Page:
Ponzu? Yuzu? What do you know about those ingredients?

Sometimes sweet and sometimes spicy, either way we all love sauces. They make our food taste better and can be fun to experiment and mix together to transform the sauce into a new taste. Japanese cuisine is one of the world’s most delicious and these sauces contribute to its excellence.

Ponzu is a citrus-based sauce used in Japanese cuisine as a marinade or an addition to soy sauce.

It is tart, with a thin, watery consistency and dark brown colour.

Ponzu shoyu is ponzu sauce with soy sauce added and the final product is called simply Ponzu.

Ponzu is made by simmering mirin, rice wine, fish flakes and seaweed. After the liquid is cooled strained and the flakes are removed, it is infused with one or more Japanese citrus fruit as yuzu, sudachi, daidai, kabosu or lemon.

Though not nearly as popular as teriyaki sauce, Japanese ponzu sauce is fairly healthy and extremely versatile.


Yuzu: Citrus junos or yuzu is a citrus fruit and plant in the family Rutaceae. It is called yuja in Korean cuisine context. Both Japanese yuzu and Korean yuja are cognates of Chinese yòuzi, but the Chinese word means pomelo. It's the odd lemon-like fruit which is prickly to pick and has a flavour difficult to describe, but yuzu is highly prized, particularly in Japanese cuisine.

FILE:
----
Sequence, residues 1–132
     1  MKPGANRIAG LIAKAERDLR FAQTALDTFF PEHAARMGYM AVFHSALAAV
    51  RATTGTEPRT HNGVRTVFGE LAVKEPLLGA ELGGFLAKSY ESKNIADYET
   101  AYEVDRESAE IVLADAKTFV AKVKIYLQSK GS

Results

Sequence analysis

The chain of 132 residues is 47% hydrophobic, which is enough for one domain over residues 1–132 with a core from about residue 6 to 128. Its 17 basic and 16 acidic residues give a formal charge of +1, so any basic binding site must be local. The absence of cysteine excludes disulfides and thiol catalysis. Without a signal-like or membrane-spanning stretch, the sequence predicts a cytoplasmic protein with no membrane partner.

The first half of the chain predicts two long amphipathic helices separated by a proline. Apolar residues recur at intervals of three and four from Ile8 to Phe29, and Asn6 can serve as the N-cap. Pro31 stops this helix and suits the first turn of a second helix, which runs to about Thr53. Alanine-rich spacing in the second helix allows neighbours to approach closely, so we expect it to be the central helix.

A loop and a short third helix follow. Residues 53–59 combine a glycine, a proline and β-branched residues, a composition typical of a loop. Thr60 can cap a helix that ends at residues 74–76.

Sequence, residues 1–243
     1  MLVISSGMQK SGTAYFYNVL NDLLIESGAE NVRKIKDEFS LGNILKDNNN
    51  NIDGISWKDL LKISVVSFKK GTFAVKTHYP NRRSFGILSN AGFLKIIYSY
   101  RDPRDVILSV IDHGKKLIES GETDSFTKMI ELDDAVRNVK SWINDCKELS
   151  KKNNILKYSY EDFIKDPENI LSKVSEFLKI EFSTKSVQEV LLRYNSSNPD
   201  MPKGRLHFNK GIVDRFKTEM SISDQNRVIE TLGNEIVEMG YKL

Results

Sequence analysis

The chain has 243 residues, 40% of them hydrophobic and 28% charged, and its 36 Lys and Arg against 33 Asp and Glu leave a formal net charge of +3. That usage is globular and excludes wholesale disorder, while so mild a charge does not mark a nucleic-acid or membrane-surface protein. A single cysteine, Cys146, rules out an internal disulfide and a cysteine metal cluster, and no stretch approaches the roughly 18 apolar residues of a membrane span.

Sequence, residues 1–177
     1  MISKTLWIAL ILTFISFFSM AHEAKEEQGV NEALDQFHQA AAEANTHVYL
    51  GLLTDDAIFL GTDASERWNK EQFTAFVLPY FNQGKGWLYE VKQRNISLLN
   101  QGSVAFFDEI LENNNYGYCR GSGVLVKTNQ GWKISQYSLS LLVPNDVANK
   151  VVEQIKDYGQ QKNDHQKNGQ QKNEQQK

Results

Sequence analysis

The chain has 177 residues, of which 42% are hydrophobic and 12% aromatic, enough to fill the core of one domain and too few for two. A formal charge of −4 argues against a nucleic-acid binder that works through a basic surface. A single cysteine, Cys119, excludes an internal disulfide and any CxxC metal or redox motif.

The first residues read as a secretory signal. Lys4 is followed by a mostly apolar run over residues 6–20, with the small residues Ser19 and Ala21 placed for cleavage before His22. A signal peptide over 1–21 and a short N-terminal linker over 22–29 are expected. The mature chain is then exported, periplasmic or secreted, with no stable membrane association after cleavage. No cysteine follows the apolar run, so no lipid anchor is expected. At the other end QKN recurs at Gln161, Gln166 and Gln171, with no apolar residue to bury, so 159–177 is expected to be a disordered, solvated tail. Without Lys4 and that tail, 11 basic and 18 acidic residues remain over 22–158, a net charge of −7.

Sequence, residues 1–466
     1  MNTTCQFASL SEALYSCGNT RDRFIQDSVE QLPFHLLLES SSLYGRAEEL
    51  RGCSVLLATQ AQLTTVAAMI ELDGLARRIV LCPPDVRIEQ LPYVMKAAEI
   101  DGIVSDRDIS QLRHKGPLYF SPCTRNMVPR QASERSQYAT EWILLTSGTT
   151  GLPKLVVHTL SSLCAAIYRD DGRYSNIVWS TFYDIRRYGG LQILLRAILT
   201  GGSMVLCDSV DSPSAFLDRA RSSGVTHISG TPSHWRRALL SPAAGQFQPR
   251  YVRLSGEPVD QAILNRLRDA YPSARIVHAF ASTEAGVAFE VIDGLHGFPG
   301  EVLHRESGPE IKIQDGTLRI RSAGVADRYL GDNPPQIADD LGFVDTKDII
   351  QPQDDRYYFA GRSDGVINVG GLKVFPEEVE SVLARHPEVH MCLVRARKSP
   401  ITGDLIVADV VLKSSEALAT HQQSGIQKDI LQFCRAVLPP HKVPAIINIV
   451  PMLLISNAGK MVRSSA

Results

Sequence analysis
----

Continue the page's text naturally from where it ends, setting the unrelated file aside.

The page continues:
Sudachi: a small, round, green citrus fruit of Japanese origin. It is a sour citrus, not eaten as fruit, but used as food flavouring in place of lemon or lime.

Daidai: an Asian variety of bitter orange very close to Orange Bergamot. The name daidai (meaning several generations) originates from the fruit staying on the tree for several years if not picked.

Kabosu: a citrus fruit of an evergreen broad-leaf tree in the Rutaceae family. It is popular in Japan, where its juice is used to improve the taste of many dishes, especially cooked fish, sashimi, and hot pot dishes.

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